Most people know chlorine as the chemical that’s used to treat the water in swimming pools and hot tubs. But did you know that the very same chemical is used to treat our drinking water as well? In some homes, you might not even notice chlorine in your drinking water. In other homes, the water that comes out of your taps can reek of the chemical. Today we’re going to talk about why chlorine can be so pronounced in certain homes by answering the question, “Why does my drinking water smell like chlorine?”
Chlorine is added to drinking water by water treatment plants
Chlorine is an extremely powerful disinfectant. Our local water treatment plants add chlorine to our drinking water in order to kill viruses and pathogens that would otherwise spread life-threatening waterborne illnesses. Treatment plants carefully monitor the amount of chlorine that’s added to our water supplies in order to keep it at a safe level. Even still, the powerful smell of the disinfectant can remain in the water that is delivered to our homes.
Why does my drinking water always smell like chlorine?
If your drinking water always smells like chlorine, it’s due to one of two things. First, your water treatment plant might use more chlorine than other treatment plants. The more chlorine that’s used, the more your water will smell.
Second, your home might be located relatively close to your treatment plant. The chlorine smell in water tends to dissipate as it travels to farther destinations. If your home is near your treatment plant, it will have a much stronger smell of chlorine than water from the same source that’s delivered to a home that’s farther away.
Why does my drinking water sometimes smell like chlorine?
If your drinking water doesn’t typically smell like chlorine but it develops the smell occasionally throughout the year, that’s often because your treatment plant uses different quantities of chlorine at different times of the year.
For example, some water treatment plants use chloramine (a mixture of chlorine and ammonia) throughout most of the year. Water that’s treated with chloramine has a lower concentration of chlorine than water that’s treated with just chlorine, so the water with chloramine might not smell too much. However, if the plant switches from chloramine to chlorine (which might happen when water tests positive for some kind of contaminant or when preventative measures are taken at certain times of the year), your tap water will have a much stronger smell of chlorine than usual.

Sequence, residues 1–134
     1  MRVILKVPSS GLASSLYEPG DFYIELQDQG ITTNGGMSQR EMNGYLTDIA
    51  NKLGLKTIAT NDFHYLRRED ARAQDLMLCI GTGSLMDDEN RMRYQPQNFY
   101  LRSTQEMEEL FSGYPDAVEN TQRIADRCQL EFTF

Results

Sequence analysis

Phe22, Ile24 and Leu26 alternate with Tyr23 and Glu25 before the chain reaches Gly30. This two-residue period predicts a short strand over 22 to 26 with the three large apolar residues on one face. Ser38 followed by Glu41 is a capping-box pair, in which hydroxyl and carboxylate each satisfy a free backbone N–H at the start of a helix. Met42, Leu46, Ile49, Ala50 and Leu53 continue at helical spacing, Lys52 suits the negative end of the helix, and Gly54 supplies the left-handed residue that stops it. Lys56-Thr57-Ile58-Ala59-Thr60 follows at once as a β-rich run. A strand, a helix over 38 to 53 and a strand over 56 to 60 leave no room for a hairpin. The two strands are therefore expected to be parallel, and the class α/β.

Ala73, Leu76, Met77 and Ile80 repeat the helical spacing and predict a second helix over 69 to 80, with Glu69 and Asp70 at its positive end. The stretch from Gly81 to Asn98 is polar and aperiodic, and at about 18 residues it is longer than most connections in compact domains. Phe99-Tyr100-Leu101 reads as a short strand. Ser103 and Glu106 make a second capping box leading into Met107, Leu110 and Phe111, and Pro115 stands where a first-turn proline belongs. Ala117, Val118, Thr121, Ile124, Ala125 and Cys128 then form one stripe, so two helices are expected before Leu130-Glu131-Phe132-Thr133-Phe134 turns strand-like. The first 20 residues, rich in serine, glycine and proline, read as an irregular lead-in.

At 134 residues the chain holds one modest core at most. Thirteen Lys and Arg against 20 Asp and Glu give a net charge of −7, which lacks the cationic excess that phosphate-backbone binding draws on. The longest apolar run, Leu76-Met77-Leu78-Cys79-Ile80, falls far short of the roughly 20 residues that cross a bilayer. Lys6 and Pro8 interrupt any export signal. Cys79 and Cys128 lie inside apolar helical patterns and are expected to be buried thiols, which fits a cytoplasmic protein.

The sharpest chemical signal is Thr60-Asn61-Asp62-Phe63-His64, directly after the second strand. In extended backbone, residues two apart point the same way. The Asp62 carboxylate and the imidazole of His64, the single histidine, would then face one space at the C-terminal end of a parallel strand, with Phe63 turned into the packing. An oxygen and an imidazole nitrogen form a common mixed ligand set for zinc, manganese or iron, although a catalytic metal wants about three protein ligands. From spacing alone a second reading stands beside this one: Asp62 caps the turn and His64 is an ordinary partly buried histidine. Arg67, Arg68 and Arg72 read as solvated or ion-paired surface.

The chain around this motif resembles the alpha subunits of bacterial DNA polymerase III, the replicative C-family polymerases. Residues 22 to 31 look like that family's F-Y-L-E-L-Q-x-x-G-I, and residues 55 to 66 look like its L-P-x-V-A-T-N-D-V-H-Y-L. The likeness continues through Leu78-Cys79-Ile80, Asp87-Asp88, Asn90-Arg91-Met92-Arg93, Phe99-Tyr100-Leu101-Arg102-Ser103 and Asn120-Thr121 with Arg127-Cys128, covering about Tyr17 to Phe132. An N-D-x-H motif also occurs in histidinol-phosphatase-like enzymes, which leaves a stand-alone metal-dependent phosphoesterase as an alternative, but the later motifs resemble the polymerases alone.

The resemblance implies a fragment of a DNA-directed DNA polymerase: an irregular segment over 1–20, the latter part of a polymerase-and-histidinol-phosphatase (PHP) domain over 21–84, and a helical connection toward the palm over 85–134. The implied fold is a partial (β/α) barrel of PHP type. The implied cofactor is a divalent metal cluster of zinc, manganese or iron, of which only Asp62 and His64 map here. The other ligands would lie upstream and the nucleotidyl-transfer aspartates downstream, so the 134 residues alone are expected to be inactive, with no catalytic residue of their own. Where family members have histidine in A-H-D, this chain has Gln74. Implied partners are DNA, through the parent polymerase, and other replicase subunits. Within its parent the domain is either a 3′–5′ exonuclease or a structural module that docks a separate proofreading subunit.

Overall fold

How can I remove the chlorine smell from my drinking water?
Chlorine in our drinking water doesn’t just produce an off-putting smell; it can also harm our health. Although the amount of chlorine that’s added to our drinking water is supposed to be safe, the chemical can react with organic materials in water and create dangerous chemical byproducts known as THM’s that can lead to serious health problems after long-term exposure.
In order to remove the smell of chlorine from your drinking water, and to avoid the negative health effects of chlorine, it’s best to install a whole-house filtration system at home. The filters that we sell at EPA Water do an excellent job at removing chlorine from tap water, so your water will not only smell great, but also be perfectly safe to consume.
If you have any questions about why your drinking water smells like chlorine, or if you’d like a water system serviced or installed in your home, contact EPA Water Consultants, your whole house water filter and water softener dealer in Pennsylvania and New Jersey. We provide service all over Pennsylvania and New Jersey, including towns like Chalfont, New Hope and Doylestown, PA.
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